How JustAnswer Works:
  • Ask an Expert
    Experts are full of valuable knowledge and are ready to help with any question. Credentials confirmed by a Fortune 500 verification firm.
  • Get a Professional Answer
    Via email, text message, or notification as you wait on our site.
    Ask follow up questions if you need to.
  • 100% Satisfaction Guarantee
    Rate the answer you receive.
Ask TherapistMarryAnn Your Own Question
TherapistMarryAnn
TherapistMarryAnn, Therapist
Category: Mental Health
Satisfied Customers: 5770
Experience:  Over 20 years experience specializing in anxiety, depression, drug and alcohol, and relationship issues.
54658078
Type Your Mental Health Question Here...
TherapistMarryAnn is online now
A new question is answered every 9 seconds

Can you recommend a good book on how to deal with an extremely

This answer was rated:

Can you recommend a good book on how to deal with an extremely difficult 3 year old? My granddaughter has some serious behavioral issues that her parents are trying to deal with but don't seem to be resolving. She won't wear any clothes besides a thin nightgown all day long. Never any shoes or socks (even in winter) Fights vehemently when she has to get dressed to go out, crying hysterically even in the car on her way to nursery school where she is frequently in time-out for aggressive behavior toward her fellow classmates. She shows no affection to anyone. Says things like "Don't look at me" or "Don't talk to me" and every other word out of her mouth is "NO!!!" She hates her 1&1/2 year old baby brother to a point where I caught her stepping on his stomach while he was lying on the floor. She won't let anyone touch her, hug her or sit near her while she is engaged in an activity or watching TV. Yet, she demands attention all the time and needs to be engaged in some form of an activity, such as arts and crafts, 24/7. She refuses to eat and has to be threatened to eat whatever little her mother can get into her. She has been like this since she was able to walk and talk and is getting progressively worse. Her mother just had another baby yesterday. Her father is in the military and will be away for the next six months. I will be living with my daughter until her husband returns and I'm scared to death because I know my granddaughter is going to be a horror. My daughter has not sought any form of professional counseling thus far but has turned to her church minister and fellow parents for guidance. Yet, nothing they have advised her to try seems to have any positive affect on the child's behavior. If there is anything you can recommend I can read to guide me through these next 6 months, I would appreciate your advice. Thank you for your time.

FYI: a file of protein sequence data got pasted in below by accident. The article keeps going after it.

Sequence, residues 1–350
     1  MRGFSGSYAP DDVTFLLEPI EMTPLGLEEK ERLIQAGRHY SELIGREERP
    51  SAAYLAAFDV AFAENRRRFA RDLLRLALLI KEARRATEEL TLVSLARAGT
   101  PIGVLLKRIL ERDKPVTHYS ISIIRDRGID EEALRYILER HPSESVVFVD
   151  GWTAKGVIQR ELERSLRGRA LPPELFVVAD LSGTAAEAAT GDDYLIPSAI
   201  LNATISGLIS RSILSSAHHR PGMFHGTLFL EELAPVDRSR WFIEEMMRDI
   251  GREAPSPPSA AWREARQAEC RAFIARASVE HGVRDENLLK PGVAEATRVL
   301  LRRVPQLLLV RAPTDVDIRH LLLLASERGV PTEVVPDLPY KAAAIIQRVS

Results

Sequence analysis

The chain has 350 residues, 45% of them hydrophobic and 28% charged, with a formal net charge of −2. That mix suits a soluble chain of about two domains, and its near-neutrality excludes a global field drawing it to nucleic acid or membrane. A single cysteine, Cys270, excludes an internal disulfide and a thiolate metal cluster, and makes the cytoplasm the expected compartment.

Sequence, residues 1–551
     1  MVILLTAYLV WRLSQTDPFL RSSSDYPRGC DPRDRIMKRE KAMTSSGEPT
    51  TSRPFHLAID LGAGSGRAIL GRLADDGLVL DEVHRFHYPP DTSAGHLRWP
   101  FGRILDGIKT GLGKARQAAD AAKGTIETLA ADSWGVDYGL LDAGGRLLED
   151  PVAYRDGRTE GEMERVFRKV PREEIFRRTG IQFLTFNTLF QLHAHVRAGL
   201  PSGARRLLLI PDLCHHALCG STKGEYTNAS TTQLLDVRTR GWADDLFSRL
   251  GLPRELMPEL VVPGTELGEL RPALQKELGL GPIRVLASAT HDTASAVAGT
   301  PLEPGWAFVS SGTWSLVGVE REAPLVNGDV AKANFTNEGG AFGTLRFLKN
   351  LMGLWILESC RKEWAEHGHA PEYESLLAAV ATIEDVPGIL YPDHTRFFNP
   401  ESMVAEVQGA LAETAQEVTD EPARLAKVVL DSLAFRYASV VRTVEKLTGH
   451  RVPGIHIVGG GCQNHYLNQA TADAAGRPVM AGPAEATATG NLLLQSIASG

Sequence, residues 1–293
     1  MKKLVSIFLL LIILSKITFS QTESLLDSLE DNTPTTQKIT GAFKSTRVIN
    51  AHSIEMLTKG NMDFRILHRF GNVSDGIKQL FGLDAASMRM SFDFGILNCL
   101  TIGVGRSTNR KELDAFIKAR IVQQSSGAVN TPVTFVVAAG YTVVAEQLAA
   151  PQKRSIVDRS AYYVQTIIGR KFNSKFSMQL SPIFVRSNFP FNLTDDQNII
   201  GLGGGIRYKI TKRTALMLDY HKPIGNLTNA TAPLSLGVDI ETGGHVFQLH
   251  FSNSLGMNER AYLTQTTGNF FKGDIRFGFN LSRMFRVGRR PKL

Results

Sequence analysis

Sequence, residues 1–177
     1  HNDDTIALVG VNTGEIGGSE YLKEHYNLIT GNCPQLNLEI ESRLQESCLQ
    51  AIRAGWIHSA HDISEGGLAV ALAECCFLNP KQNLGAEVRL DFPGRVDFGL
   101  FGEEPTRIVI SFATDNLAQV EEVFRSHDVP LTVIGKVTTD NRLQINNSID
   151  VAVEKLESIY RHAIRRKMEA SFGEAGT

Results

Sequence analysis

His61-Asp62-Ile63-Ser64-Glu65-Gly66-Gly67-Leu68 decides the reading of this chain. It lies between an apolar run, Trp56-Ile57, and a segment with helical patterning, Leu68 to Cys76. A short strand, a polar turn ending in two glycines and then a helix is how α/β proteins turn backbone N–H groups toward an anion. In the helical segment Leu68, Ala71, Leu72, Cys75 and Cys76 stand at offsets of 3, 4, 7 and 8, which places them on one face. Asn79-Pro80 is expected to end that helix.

Hi, I'd like to help your with problem.

 

A small percentage of children, approximately 2 to 3 percent of the population, are described as challenging children. These children are difficult to redirect, seem extremely stubborn, and are challenging enough to make parents wonder what they are doing wrong.

 

The good news is that these children often grow into dynamic and leadership oriented adults. However, between the ages of 2 and 10 the traits that will make them leaders and problem solvers are limited by the maturity of their brains. In these children, the frontal lobe (prefrontal cortex) is not mature. This part of the brain controls impulsivity and in these children it is not mature enough to handle their raw emotions and desires.

 

These children require special types of parenting. The first resources you should try are written specifically for these children. They include strong and very consistent behavioral techniques that when followed help control and mature behaviors.

 

Some resources that are excellent are The New Strong-Willed Child by James C. Dobson which is inexpensive on Amazon.com or your local library may be able to get it for you. Also, Raising Your Spirited Child Rev Ed: A Guide for Parents Whose Child Is More Intense, Sensitive, Perceptive, Persistent, and Energetic by Mary Sheedy Kurcinka is good. And finally, The Challenging Child: Understanding, Raising, and Enjoying the Five "Difficult" Types of Children by Stanley I. Greenspan and Jacqueline Salmon.

 

These resources should prove to be extremely helpful. If they do not (though I feel they will) a child behavioral specialist should be helpful in treating this issue and giving the child's parents the professional support and guidance to resolve the issue. Often, the child's pediatrician is helpful in providing a referral.

 

I hope this has helped you,

Kate

TherapistMarryAnn and other Mental Health Specialists are ready to help you